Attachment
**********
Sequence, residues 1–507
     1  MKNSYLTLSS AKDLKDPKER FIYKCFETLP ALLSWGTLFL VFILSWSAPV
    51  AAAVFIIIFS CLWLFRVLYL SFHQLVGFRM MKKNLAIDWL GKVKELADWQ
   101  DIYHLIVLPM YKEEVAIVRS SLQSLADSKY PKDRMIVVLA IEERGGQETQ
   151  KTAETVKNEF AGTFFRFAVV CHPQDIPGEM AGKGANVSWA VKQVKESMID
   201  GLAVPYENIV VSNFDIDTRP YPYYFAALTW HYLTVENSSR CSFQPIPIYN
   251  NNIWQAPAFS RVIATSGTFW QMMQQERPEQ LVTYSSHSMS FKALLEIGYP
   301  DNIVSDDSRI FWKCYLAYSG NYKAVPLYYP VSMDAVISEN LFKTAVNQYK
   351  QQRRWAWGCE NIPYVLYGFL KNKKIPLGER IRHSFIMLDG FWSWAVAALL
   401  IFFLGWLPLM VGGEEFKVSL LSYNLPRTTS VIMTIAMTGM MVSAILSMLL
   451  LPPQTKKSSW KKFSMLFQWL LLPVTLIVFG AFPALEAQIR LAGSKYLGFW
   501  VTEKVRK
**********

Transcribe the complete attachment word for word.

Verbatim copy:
Sequence, residues 1–507
     1  MKNSYLTLSS AKDLKDPKER FIYKCFETLP ALLSWGTLFL VFILSWSAPV
    51  AAAVFIIIFS CLWLFRVLYL SFHQLVGFRM MKKNLAIDWL GKVKELADWQ
   101  DIYHLIVLPM YKEEVAIVRS SLQSLADSKY PKDRMIVVLA IEERGGQETQ
   151  KTAETVKNEF AGTFFRFAVV CHPQDIPGEM AGKGANVSWA VKQVKESMID
   201  GLAVPYENIV VSNFDIDTRP YPYYFAALTW HYLTVENSSR CSFQPIPIYN
   251  NNIWQAPAFS RVIATSGTFW QMMQQERPEQ LVTYSSHSMS FKALLEIGYP
   301  DNIVSDDSRI FWKCYLAYSG NYKAVPLYYP VSMDAVISEN LFKTAVNQYK
   351  QQRRWAWGCE NIPYVLYGFL KNKKIPLGER IRHSFIMLDG FWSWAVAALL
   401  IFFLGWLPLM VGGEEFKVSL LSYNLPRTTS VIMTIAMTGM MVSAILSMLL
   451  LPPQTKKSSW KKFSMLFQWL LLPVTLIVFG AFPALEAQIR LAGSKYLGFW
   501  VTEKVRK